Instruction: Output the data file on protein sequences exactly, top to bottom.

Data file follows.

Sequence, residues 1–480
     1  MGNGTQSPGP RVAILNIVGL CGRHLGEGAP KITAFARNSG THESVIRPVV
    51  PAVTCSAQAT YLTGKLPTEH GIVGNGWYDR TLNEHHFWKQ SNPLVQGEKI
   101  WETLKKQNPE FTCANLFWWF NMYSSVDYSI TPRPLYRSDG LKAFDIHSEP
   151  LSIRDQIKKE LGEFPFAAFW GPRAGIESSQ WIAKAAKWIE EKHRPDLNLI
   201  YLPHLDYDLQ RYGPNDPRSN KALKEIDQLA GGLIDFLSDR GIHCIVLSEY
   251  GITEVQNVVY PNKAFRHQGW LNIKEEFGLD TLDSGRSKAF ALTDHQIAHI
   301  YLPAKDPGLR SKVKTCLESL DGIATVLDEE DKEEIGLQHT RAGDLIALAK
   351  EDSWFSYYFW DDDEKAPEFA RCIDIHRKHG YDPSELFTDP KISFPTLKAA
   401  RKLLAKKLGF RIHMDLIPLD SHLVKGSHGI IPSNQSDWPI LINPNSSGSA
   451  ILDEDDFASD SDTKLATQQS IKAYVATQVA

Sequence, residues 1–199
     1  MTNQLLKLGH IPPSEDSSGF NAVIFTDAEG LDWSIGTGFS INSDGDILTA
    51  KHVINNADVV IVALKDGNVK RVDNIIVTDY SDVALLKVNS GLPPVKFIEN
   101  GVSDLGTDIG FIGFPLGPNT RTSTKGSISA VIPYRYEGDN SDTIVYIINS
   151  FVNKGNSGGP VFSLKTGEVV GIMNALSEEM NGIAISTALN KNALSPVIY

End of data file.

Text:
Sequence, residues 1–480
     1  MGNGTQSPGP RVAILNIVGL CGRHLGEGAP KITAFARNSG THESVIRPVV
    51  PAVTCSAQAT YLTGKLPTEH GIVGNGWYDR TLNEHHFWKQ SNPLVQGEKI
   101  WETLKKQNPE FTCANLFWWF NMYSSVDYSI TPRPLYRSDG LKAFDIHSEP
   151  LSIRDQIKKE LGEFPFAAFW GPRAGIESSQ WIAKAAKWIE EKHRPDLNLI
   201  YLPHLDYDLQ RYGPNDPRSN KALKEIDQLA GGLIDFLSDR GIHCIVLSEY
   251  GITEVQNVVY PNKAFRHQGW LNIKEEFGLD TLDSGRSKAF ALTDHQIAHI
   301  YLPAKDPGLR SKVKTCLESL DGIATVLDEE DKEEIGLQHT RAGDLIALAK
   351  EDSWFSYYFW DDDEKAPEFA RCIDIHRKHG YDPSELFTDP KISFPTLKAA
   401  RKLLAKKLGF RIHMDLIPLD SHLVKGSHGI IPSNQSDWPI LINPNSSGSA
   451  ILDEDDFASD SDTKLATQQS IKAYVATQVA

Sequence, residues 1–199
     1  MTNQLLKLGH IPPSEDSSGF NAVIFTDAEG LDWSIGTGFS INSDGDILTA
    51  KHVINNADVV IVALKDGNVK RVDNIIVTDY SDVALLKVNS GLPPVKFIEN
   101  GVSDLGTDIG FIGFPLGPNT RTSTKGSISA VIPYRYEGDN SDTIVYIINS
   151  FVNKGNSGGP VFSLKTGEVV GIMNALSEEM NGIAISTALN KNALSPVIY